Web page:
Monday, October 02, 2006

Building Ground

As the Earth’s population grows, people continually feel the pressures of living room acting upon them. While here in the United States, we may still take fore granted the spacious lifestyles we lead, this is not the case in many places. So what happens when the land runs out? In some locations, the solution is to make more land. This is not a new concept as civilizations have fought the ocean for living space for centuries, however, some very new and amazing strategies have been taken to steal land from the oceans, perhaps one of the most amazing to date is the construction of the Kansai International Airport. Economic pressures in Osaka, Japan and the lack of open space for a new airport have led to a 15 billion dollar man-made island in the Osaka Bay. The project has taken over 25 years to complete; the filling of the island itself required more than 10 million man hours; after which it was found that the island was sinking at a faster rate than calculated. Shortly after the terminal construction began, engineers realized that the entire mass was sinking far more quickly than predicted and a massive system of jacks was devised to lift the entire structure as needed.

Today, the sinking rate of the island has dramatically decreased and the man made island has successfully with stood the impact of a nearby earthquake (Kobe earthquake, 1995) and several typhoons without any major damages. However, due to the extra costs, the airport is often times considered a white elephant; interest alone runs 560 million dollars a year leading to extremely high landing fees for incoming air traffic. Despite the struggles, over the last few years, the airport has been able to survive and construction on a second runway has begun with prospects of a third runway in the near future. The Kansai International airport now has over 40 international carriers and acts as the airport for most international travel in the Osaka area.

In Genova, Italy, Renzo Piano (also the designer of the airport terminal at Kansai) has suggested a major renovation of the port area; the plan includes relocating the city’s airport onto an artificial island similar to what was done for the Kansai International Airport. Here the projected budget for the airport is 2 billion euros or roughly 2.5 billion dollars, a price which seems somewhat more reasonable that the 15 billion dollars spent on the Kansai Airport. The image below shows a size comparison of Kansai International Airport layed over Piano's port renovation plan.

Other similar land forming projects are appearing all around the world such as the island “neighborhoods” near Dubai. The idea of creating islands becomes very powerful and very realistic. The question is, could the ability of building land begin to solve issues of space and population growth for certain areas of the planet. Singapore for instance is a tiny nation island of 690 square kilometers with a population of 4,400,000 and thus has one of the highest population densities in the world. As overcrowded as the island already is, the population has been increasing an average of roughly 2 percent over the last few years and in twenty years from now will be close to 6,500,000. Where can the country fit 50 percent more citizens without losing the little precious undeveloped land the country has held onto? Could more land be built in a similar fashion to that of the Kansai Airport construction? Adding about 40 percent of Singapore’s current land area in a mega-island construction could house the growing population in twenty years with about the same population density that exists now. But this much land, 260 square kilometers would be the equivalent of about 48 Kansai International Airports, and given the cost of one Kansai (15 billion dollars) the grand total would be near 720 billion dollars, about 600 billion less than the GDP for Singapore. The option may not be possible quite yet, but the budget for the Genova airport already seems much more feasible at a projected 2.5 billion dollars (thought the Genova airport will be approximately half the size of the Kansai airport). It still seems doubtful that the price of building land will justify a solution to the lack of space due to the planet’s population growth, although as seen with the Kansai airport, it can offer a solution to situations.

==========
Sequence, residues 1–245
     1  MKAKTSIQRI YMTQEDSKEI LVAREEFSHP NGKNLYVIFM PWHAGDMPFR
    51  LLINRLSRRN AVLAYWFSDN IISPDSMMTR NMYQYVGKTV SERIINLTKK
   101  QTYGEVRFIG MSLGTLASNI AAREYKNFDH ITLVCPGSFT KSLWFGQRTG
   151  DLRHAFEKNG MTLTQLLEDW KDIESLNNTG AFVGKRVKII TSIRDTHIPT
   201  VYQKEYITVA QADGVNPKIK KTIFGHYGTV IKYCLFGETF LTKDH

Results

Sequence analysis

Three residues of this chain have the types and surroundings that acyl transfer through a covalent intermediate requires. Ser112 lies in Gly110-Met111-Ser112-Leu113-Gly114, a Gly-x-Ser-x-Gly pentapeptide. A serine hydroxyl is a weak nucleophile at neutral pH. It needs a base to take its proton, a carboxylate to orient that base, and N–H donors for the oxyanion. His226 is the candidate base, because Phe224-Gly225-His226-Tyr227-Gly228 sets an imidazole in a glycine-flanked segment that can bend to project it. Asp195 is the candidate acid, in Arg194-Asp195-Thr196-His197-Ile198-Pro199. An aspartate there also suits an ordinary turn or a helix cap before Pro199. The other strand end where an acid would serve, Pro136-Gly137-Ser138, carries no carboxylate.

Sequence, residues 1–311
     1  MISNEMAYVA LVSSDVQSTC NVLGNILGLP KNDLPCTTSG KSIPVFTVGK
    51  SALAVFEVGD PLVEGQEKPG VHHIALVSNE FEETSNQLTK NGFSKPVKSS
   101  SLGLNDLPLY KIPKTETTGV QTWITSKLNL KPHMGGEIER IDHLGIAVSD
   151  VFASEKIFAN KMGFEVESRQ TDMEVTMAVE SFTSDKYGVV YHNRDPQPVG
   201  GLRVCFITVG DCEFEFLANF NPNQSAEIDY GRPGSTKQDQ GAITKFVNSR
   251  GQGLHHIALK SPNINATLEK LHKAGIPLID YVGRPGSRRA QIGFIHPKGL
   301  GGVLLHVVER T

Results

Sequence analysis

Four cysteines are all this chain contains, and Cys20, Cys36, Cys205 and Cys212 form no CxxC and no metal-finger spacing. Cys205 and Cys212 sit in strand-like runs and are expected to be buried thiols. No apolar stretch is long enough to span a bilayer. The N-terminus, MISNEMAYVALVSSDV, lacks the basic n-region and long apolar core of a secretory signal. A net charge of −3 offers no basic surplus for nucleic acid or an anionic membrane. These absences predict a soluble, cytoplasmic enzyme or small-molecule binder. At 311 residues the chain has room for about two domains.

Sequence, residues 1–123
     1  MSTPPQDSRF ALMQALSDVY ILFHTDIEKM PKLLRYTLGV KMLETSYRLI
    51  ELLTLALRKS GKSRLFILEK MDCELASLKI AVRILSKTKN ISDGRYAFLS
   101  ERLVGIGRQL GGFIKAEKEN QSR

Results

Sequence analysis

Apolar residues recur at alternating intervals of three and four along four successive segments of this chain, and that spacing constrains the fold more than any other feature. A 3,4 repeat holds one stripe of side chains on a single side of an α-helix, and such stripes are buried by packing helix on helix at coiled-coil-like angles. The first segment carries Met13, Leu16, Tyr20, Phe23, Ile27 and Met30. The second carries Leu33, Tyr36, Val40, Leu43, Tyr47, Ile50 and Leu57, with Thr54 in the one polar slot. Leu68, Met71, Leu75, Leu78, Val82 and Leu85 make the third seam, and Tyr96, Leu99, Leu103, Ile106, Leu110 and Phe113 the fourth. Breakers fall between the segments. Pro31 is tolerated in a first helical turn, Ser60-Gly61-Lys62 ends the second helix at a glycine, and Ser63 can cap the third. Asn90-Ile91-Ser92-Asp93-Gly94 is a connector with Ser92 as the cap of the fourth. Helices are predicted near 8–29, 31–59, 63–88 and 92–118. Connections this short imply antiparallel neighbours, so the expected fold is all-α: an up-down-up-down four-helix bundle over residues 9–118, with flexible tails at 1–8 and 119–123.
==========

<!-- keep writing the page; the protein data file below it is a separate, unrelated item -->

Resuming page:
1 comment:

R**L said...

the global yen, euro and dollar

http://anarchitecture.blogspot.com/2006/10/architects-dreamland.html